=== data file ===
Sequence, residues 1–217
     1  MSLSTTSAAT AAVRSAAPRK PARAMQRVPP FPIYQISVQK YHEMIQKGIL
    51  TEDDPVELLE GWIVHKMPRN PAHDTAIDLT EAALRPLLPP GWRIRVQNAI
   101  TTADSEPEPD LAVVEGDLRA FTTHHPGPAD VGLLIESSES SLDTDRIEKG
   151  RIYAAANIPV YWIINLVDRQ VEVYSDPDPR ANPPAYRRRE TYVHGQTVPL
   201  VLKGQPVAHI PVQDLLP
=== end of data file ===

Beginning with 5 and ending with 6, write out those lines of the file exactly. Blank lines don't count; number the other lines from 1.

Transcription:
   151  RIYAAANIPV YWIINLVDRQ VEVYSDPDPR ANPPAYRRRE TYVHGQTVPL
   201  VLKGQPVAHI PVQDLLP